Disturbed sleep-wake patterns that occur during space missions result in decreased alertness and concentration, compromising the performance and safety of astronauts and NASA ground control workers. Studies show that light treatment can correct similar impairments that occur with shift work, jet lag and sleep disorders. Dr. George C. Brainard is determining the best wavelengths of light to use during long-duration spaceflight to readjust biological rhythms and sleep patterns in astronauts. Based on earlier studies, Brainard will determine whether blue-enriched fluorescent light can be used to regulate circadian rhythm in the low-lighting levels common to space craft. If successful, then onboard artificial lighting systems may serve the dual purpose of maintaining circadian entrainment while providing illumination that supports vision. These data also may be used to improve space suit visors and windows used in space vehicles and habitats, and to design ideal lighting for astronauts and mission control workers during long-duration space exploration.
Optimizing Light Spectrum for Long-Duration Spaceflight
George C. Brainard, Ph.D.
Jefferson Medical College of Thomas Jefferson University
Ambient light is the primary stimulus for human circadian regulation. While on Earth, humans have a 24-hour day/night cycle to maintain healthy circadian entrainment. In space, astronauts must contend with either a rapidly changing or severely disrupted day/night cycle, and must work in a dimly lit spacecraft interior with few or no windows. Bright white light has already been implemented as a pre-launch countermeasure but has yet to be used during spaceflight. Providing sufficient light intensities to work areas in the International Space Station (ISS), the planned Crew Exploration Vehicle (CEV) and future lunar habitats raises several concerns, among which are heat production, energy consumption and upmass. Mitigating these factors requires a better understanding of how different wavelengths of light regulate the human circadian system. From this data, it may be possible to optimize the light spectrum both as a countermeasure for sleep and for circadian disturbances before or during space exploration. Listed below are the specific aims of this project. Given changes in NASA priorities.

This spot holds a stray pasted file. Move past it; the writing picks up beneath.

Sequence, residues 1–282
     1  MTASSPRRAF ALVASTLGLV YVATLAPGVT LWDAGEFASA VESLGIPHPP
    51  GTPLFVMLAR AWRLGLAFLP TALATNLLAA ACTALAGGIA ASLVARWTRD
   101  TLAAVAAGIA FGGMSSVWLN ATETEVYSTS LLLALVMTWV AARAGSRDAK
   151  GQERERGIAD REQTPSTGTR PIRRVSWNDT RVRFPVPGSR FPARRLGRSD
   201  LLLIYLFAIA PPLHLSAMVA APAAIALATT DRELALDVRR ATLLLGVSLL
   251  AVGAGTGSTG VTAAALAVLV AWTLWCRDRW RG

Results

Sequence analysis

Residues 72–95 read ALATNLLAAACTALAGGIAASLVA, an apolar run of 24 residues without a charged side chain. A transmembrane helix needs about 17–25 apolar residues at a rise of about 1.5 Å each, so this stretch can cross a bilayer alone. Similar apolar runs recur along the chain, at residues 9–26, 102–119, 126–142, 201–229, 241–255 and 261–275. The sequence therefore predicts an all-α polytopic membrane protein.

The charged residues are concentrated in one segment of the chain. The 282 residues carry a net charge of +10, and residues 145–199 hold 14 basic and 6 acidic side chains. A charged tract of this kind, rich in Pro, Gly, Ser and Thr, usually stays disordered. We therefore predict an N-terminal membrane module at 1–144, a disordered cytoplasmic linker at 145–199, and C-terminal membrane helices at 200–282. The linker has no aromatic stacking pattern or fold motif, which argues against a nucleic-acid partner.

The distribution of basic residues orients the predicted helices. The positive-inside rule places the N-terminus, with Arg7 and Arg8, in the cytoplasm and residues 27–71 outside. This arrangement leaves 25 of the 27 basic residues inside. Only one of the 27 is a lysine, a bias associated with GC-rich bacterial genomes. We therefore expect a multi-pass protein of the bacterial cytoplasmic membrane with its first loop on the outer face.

- Test the hypothesis that the white polychromatic fluorescent lamps currently used by NASA as a pre-launch countermeasure for circadian and sleep disruption will have increased efficacy for melatonin suppression when they are enriched in the blue portion of the spectrum. Our published action spectrum indicates that the blue monochromatic wavelengths (446-477 nm) are the most potent for melatonin suppression. This aim was intended to determine if increasing the power in the blue region of a polychromatic fluorescent light can increase potency for melatonin suppression while keeping the visual experience white. Philips Lighting B.V., an NSBRI industry partner, donated the prototype blue-enriched lamps and exposure systems used in this study. Since the start of the project, 25 human subjects have completed a total of 248 nighttime melatonin suppression trials. The data are now being analyzed for publication.
- Test the hypothesis that the white polychromatic fluorescent lamps currently used by NASA as a pre-launch countermeasure for circadian and sleep disruption have increased efficacy for circadian phase-shifting when they are enriched in the blue part of the spectrum. For this aim, we are comparing the magnitude of circadian phase-shifts in healthy subjects following exposure to equal photon densities of blue-enriched fluorescent lights versus the white lamps currently used by NASA. Each subject goes through a seven day, 24 hour a day, inpatient trial with assessment of multiple biological and behavioral endpoints. A total of 21 subjects have been entered into the protocol and of these, 20 completed the full study. Assay of blood samples and assessment of behavioral data is ongoing for this study. Enrollment has not been closed.